Local Vibe

Local Vibe

Stories by David Burke

Giving you the inside information on what’s happening, what’s fun and what’s new in Whistler. Find out more about the push for a 2030 Olympic bid; get lunch at a local food truck in Whistler’s parks; learn about this issue’s local animal, the pileated woodpecker; visit the Squamish Lil’wat Cultural Centre to share their culture and see the new exhibition; celebrate the important role of Whistler Search and Rescue as they reach their 50-year anniversary.

First Nations-led 2030 Olympic Bid Eyed

Several sets of Olympic rings, and a Paralympic swoosh, occupy prominent locations in Whistler, reminding guests that it was the Host Mountain Resort for the 2010 Winter Games. If all goes well over the next few months, those Vancouver 2010 mementos — not to mention the Whistler Games venues — will no doubt receive a sprucing up in preparation for the 2030 Games.
This spring, the City of Vancouver, Resort Municipality of Whistler, and the Four Host First Nations for the 2010 event — Squamish, Lil’wat, Musqueam, and Tsleil-Waututh — announced they were exploring a bid for the 2030 Winter Olympics and Paralympics. This time, First Nations groups would lead the bid and, potentially, Games preparations.

“To share our stories and our history and to be able to recognize the government is the main thing,” Musqueam Chief Wayne Sparrow told CBC Sports in June.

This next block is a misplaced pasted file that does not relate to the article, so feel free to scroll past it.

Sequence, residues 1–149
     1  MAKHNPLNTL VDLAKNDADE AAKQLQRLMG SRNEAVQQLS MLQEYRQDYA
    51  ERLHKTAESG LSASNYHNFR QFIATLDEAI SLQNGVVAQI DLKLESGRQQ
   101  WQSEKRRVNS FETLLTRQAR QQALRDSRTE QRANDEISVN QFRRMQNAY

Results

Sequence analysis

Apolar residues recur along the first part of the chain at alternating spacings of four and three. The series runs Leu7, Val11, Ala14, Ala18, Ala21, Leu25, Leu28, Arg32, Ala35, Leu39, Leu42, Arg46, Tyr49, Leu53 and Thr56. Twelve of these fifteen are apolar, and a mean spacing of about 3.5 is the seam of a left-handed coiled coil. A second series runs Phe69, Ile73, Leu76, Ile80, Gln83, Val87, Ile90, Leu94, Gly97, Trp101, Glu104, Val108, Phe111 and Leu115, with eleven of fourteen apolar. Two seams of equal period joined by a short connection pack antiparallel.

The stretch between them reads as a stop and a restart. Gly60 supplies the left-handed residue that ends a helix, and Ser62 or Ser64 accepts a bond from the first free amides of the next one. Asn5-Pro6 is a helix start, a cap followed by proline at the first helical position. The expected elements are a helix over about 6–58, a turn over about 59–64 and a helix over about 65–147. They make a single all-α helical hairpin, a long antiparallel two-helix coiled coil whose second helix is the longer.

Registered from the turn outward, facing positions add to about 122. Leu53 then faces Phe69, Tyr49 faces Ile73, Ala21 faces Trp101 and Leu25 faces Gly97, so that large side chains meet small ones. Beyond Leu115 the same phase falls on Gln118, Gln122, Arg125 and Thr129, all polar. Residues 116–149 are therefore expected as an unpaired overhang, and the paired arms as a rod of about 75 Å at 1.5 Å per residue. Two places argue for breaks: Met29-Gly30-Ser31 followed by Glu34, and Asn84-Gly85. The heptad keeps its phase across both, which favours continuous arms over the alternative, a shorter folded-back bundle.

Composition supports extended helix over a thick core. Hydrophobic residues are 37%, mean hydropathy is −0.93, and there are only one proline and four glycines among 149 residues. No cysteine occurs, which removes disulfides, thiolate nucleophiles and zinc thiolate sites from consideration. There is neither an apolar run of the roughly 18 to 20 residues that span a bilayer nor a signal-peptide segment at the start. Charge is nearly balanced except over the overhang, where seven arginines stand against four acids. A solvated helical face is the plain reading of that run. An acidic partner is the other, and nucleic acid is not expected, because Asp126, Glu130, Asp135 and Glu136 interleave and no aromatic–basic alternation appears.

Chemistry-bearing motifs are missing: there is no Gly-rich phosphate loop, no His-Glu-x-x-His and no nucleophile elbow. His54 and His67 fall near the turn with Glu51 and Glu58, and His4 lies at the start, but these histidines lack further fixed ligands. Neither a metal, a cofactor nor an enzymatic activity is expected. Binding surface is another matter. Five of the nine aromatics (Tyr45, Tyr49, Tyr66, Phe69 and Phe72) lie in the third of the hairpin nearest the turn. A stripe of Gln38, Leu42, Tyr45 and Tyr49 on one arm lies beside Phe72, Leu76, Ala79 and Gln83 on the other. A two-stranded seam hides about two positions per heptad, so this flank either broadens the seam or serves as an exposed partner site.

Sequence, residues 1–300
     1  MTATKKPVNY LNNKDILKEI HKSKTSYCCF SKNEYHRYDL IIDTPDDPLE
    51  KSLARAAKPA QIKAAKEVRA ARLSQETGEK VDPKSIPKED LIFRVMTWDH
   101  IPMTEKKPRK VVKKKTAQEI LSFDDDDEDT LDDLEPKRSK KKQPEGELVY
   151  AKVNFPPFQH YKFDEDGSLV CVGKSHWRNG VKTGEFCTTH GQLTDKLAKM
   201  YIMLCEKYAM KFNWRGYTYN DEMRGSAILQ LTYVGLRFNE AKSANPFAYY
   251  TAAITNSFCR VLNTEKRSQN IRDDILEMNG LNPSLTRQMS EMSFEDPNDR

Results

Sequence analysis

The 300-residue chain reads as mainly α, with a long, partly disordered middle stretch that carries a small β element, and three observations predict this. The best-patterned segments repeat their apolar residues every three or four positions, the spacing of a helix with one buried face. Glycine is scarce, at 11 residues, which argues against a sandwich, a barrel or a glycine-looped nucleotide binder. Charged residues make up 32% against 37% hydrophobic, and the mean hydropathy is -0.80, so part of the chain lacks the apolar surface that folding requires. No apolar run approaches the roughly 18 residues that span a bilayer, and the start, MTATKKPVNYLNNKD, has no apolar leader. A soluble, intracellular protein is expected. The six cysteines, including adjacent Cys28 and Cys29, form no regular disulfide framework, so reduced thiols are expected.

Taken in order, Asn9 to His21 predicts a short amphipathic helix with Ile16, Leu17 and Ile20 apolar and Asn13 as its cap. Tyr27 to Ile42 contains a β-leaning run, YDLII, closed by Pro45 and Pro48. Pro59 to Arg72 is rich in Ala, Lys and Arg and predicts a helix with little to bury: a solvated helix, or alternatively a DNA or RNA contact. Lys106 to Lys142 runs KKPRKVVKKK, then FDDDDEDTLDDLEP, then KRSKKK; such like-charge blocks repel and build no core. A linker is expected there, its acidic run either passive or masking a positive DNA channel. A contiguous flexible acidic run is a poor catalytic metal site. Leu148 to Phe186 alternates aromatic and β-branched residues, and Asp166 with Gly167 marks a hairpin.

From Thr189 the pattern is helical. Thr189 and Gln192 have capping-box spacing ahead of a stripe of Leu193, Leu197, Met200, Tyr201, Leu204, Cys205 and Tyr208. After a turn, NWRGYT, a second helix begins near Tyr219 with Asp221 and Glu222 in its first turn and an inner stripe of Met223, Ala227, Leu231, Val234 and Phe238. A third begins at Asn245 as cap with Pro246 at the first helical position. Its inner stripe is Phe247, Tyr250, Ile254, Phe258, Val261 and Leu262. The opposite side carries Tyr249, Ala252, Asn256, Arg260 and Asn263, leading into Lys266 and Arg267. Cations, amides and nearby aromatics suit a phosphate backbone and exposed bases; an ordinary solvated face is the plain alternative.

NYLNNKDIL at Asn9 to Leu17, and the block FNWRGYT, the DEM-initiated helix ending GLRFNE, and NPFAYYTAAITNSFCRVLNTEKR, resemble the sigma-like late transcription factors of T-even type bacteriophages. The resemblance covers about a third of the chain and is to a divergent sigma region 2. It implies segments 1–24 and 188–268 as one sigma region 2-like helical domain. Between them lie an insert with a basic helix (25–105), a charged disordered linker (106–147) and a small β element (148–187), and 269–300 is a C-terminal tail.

If the bid to the International Olympic Committee (IOC) is successful, many of the venues used in 2010 will host events again. These include Whistler Mountain for alpine skiing, the Whistler Sliding Centre (WSC) for bobsleigh, luge, and skeleton and Whistler Olympic Park (WOP) for Nordic skiing, biathlon, ski jumping, and Nordic combined.


Roger Soane, CEO of Whistler Sport Legacies, the non-profit group that operates WSC and WOP, said that while some venue upgrades would be needed, getting them ready to host the world in 2030 needn’t be an onerous task.

“I think the whole approach for 2030 is that we already have great venues, they’re working, and there’s a chance to do this for a minimal additional cost,” Soane said.
For more information, visit vancouver2030.org.

‘Park Eats’ aims to please your palate

Nothing completes a great summer day at the lake better than terrific food, treats, and icy-cold drinks served fresh, right on the spot.